Ahmad Sikainga is a professor of history at Ohio State University. He was the principal adviser for Afropop’s Hip Deep program on Sudan, produced in 2008, at the time when the country was still united. In 2011, South Sudan became a separate country, ending Sudan’s tenure as the largest country in Africa. In preparing the program, "Music and History in the Two Sudans", for rebroadcast, producer Banning Eyre reached Professor Sikainga in his office for an update. Here’s their conversation.
Banning: Professor Sikainga, it's been 10 years since we spoke for our original program on music and history in Sudan. A lot has happened since then. Can you fill us in on the big picture?
Ahmad Sikainga: Exactly. I will talk first about the country in general, and then about music specifically. Basically, what happened is that in 2005, a peace agreement known as the Comprehensive Peace Agreement, CPA, was signed by the Sudanese government and the Sudan's People’s Liberation Movement, SPLM. That was headed by the late John Garang. The agreement was supposed to end a conflict that had been going on for more than two decades between South Sudanese rebels and the central government.
Of course, this conflict led to the death and displacement of millions of people from South Sudan. But according to the provisions of the CPA, there would be a transitional period of five years, after which the south Sudanese people would decide whether they wanted to remain part of Sudan or split and have their own independent state. This would be done through a referendum, which took place in 2011, and the overwhelming majority of South Sudanese people voted for independence.
This was actually not surprising, given the long history of bitterness among southern and northern Sudanese, and the southerners’ feeling that they were treated as second-class citizens. On top of that, you had the constant quarreling between the government and the SPLM during this transitional period. So it wasn't surprising that the people of South Sudan would vote for independence. But the response to this split really varied. In the South, of course, independence was met with a great deal of jubilation and euphoria. But in the North, the situation was completely different. To many northern Sudanese, the split of the South was a national disaster, a kind of catastrophic event that resulted in a sense of collective failure and despair.
In the South, this euphoria did not last for very long. The newly born state very quickly plunged into a bloody conflict between the government and the opposition, and it took an ethnic form between the Dinka and the Nuer. The result was awful. You had millions of people displaced, and over 300,000 were killed.
In Sudan, the situation was not much better. You had the loss of oil revenue after the separation in the South. You had the ongoing conflict in Darfur, the Nuba Mountains, in the Blue Nile. Also you had endemic corruption, and all this led to very severe economic hardships. So basically, the outcome is that you had two failed states. And that is where things are at this point.
That's a very good summary of a very sad situation. Now, you go back to Sudan quite regularly. I am curious to hear your observations about musical life on these visits.
Yes, I travel to Khartoum regularly. I also travel to other parts of the country as well. Khartoum has grown. It's a huge city now with millions of people, probably a population anywhere from three- to-four million. During the period of the transition from 2005 to 2011, there was a relative degree of economic prosperity due to the flow of oil money. There was a great deal of investment, so the city was growing in terms of buildings and so on.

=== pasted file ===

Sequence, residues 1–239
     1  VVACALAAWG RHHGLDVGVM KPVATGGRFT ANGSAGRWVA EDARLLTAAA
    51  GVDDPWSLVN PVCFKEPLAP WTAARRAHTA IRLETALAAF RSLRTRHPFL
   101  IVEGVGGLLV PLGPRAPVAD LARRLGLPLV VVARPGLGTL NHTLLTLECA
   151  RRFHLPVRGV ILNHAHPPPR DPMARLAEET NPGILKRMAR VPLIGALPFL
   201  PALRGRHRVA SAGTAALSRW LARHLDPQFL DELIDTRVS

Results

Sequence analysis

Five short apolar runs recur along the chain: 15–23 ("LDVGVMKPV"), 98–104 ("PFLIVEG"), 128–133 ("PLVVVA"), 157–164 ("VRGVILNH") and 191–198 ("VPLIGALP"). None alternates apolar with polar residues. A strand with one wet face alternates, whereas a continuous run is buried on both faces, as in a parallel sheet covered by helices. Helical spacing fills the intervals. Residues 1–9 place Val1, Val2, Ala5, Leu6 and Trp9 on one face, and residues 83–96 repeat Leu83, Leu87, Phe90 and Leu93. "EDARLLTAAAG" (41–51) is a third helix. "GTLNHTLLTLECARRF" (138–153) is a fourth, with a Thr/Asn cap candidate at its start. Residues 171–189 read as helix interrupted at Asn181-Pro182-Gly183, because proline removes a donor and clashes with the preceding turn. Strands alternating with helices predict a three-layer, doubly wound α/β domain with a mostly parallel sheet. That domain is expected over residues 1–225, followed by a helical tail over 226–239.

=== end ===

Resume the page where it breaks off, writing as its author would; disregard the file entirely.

The musical scene remained very vibrant, paradoxically, despite deteriorating economic conditions and repression and so on. You would find music everywhere, particularly at wedding parties. You had live performances in different theaters and college campuses and you had radio and television and so forth.
This vibrancy can be attributed to a number of things. First of all, you had a relative degree of prosperity during the transition., And then you also had the failure of this so-called Cultural Project of the regime, which was basically intended to transform Sudanese society and repress any kind of entertainment activity, music and so forth. Because of various factors including resistance from people, the project failed. So you could say that the oppression of the 1990s, that antagonism against performance arts eased a little bit, so it was a better circumstance for music.
And then you had the proliferation of radio and television stations not only in Khartoum itself, but also all over the country. Still, wedding parties remained the main sites of musical performance and dance. On the weekends.
So we're talking about the transition now, between 2005 and 2011, right?
That's right. There was a relative degree of prosperity then. But after that, the situation deteriorated dramatically, and it continues to deteriorate until today. The rate of inflation is just so high. So it was really a very brief period that you had this relative degree of economic prosperity.
But we have to be careful here. There was a great deal of corruption, which led to severe economic inequalities, so even with this relative degree of economic prosperity, the beneficiaries were members of the government, supporters of the regime and their followers. So, basically, you had a tremendous amount of wealth concentrated in a few hands, and you had widespread poverty. The situation among the vast majority of the population, especially the rural areas, was not good.
So the wedding parties remained the main sites of performances where people would dance. And you could see the easing of government intervention. For instance, people dancing (of mixed sexes), and so on. So that has remained the same.
But when you talk about the quality of the performances, there are several categories of performance right now. First, you have the older generation from the golden era, and it's important to note here the passing in 2012 of Mohamed Wardi, the legendary singer, and there were several others from that generation who passed away as well. You have a few artists from the golden era such as Mohamad Al Amin, Abu Araki and several others who have continued to produce music. There are also a number of musical groups that sing, such as Agd Ajalad and others. They recycle old music, but they also do new music.